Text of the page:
In the United States, we are facing a demographic cliff. You know this by now. Data from the Western Interstate Commission for Higher Education predict a significant decline in the number of high school graduates starting around 2025, primarily due to lower birth rates following the 2008 economic recession. This decline is not uniformly distributed; the Northeast, in particular, is expected to see one of the steepest drops. At the same time, international student mobility patterns are shifting. Countries like India and China, which have traditionally been the largest senders of international students, are rapidly expanding their own higher education capacities, and students from these regions are looking beyond the traditional allure of American education towards other growing academic hubs in Europe and Asia.

The challenge here is twofold: not only must we mitigate the impacts of domestic demographic declines, but we also need to position ourselves attractively in a competitive international market that is more discerning and diverse than ever before. This situation calls for U.S. colleges and universities to think critically about the relationship between domestic demographic trends and global educational shifts. It's not just about filling seats but about enriching our campuses with a diverse set of global perspectives that enhance the learning experience for all students.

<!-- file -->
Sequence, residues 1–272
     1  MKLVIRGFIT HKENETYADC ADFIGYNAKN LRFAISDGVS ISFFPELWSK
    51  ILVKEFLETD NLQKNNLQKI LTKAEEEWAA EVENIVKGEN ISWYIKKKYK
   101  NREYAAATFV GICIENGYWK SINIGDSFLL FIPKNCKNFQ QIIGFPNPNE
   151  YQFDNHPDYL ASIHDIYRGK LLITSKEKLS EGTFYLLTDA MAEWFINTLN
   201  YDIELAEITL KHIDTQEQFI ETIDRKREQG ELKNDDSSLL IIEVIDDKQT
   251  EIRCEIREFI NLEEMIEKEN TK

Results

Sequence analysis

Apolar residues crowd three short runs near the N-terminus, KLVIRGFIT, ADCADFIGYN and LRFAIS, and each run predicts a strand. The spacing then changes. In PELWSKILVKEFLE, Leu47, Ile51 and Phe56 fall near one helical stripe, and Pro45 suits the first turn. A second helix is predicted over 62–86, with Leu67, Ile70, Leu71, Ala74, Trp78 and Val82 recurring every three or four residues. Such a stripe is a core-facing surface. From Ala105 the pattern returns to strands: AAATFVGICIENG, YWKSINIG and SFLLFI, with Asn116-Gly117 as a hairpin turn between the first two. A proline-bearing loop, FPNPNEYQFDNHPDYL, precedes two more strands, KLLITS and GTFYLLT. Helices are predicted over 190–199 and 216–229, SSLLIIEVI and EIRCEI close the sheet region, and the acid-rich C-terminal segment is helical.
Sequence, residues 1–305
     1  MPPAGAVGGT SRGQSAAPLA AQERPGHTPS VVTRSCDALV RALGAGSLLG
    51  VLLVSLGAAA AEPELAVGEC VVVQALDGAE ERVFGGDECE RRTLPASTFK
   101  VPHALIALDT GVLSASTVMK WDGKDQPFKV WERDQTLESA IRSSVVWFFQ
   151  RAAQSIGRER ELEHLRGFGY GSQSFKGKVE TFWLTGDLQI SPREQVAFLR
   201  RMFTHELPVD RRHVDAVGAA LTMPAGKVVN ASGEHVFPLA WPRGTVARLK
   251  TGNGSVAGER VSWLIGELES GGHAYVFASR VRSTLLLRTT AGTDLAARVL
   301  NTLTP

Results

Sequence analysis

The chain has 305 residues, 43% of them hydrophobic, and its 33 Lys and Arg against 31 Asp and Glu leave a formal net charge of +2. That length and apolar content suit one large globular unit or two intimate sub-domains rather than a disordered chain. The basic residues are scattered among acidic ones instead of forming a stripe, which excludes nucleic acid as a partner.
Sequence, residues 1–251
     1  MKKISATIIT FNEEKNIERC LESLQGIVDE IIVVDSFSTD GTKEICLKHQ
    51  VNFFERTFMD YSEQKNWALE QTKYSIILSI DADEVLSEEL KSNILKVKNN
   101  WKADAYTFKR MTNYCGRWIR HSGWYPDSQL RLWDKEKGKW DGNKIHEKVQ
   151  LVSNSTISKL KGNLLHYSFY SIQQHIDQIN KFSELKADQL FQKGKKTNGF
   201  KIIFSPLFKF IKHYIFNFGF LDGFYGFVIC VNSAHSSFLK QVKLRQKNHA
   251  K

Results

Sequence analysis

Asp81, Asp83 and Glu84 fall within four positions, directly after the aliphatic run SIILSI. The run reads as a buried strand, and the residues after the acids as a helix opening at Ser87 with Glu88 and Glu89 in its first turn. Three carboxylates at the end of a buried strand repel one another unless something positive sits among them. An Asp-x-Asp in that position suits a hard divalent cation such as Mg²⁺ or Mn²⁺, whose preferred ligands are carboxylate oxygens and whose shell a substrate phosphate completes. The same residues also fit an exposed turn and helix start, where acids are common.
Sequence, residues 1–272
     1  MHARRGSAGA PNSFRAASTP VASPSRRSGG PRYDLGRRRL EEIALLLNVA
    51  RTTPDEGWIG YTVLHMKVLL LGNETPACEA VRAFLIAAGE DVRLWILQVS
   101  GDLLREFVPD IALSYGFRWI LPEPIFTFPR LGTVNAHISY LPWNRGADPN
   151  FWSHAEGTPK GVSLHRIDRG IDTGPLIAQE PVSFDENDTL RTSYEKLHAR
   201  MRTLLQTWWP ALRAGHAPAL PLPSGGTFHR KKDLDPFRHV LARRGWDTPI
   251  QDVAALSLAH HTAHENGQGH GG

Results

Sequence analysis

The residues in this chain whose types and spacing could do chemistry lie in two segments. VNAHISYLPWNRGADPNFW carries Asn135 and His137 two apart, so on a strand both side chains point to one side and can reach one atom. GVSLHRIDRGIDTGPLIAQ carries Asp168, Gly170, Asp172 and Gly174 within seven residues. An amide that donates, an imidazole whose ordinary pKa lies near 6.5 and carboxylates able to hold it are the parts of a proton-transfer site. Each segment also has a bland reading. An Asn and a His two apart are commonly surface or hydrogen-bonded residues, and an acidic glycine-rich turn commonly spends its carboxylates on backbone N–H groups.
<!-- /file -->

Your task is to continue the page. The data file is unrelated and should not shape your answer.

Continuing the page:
Surprisingly, many institutions still operate under a domestic-first mindset with international recruitment as an afterthought—a risky stance that could lead to significant enrollment challenges. The need for a strategic, data-driven international enrollment plan has never been greater. Such a plan should not only focus on recruitment but also on the holistic integration of international students into the campus community, ensuring their retention and success.

By broadening our perspective and operational scope, we can transform these demographic challenges into opportunities for growth and innovation. International students bring not only diversity but also resilience and new viewpoints that can invigorate classroom discussions and campus life. Furthermore, they contribute significantly to the local and national economy.

My poignant interaction with a new student from Nepal underscores the profound impact that an integrated enrollment management (IEM) plan can have—not only in attracting students from diverse backgrounds but in resonating with their deepest aspirations and values. Just as the spiritual connection to our landscapes can evoke a sense of belonging and purpose, a well-crafted IEM plan ensures that every student’s educational journey is deeply personal and profoundly connected to the heart of the institution.

As demographic landscapes shift both at home and abroad, it is imperative for enrollment leaders - even the “domestic-first” ones - to foster a deeper understanding of global geo demographic trends and their interconnected impacts. By doing so, we not only secure our institutions’ futures but also enhance our educational missions. Our goal should be to make every campus a reflection of the world itself—diverse, interconnected, and vibrant. It’s time for all of us in the field of enrollment management to look beyond our borders and see the world as our campus.

CP - Image - Bryan Gross
Bryan Gross11 June 2024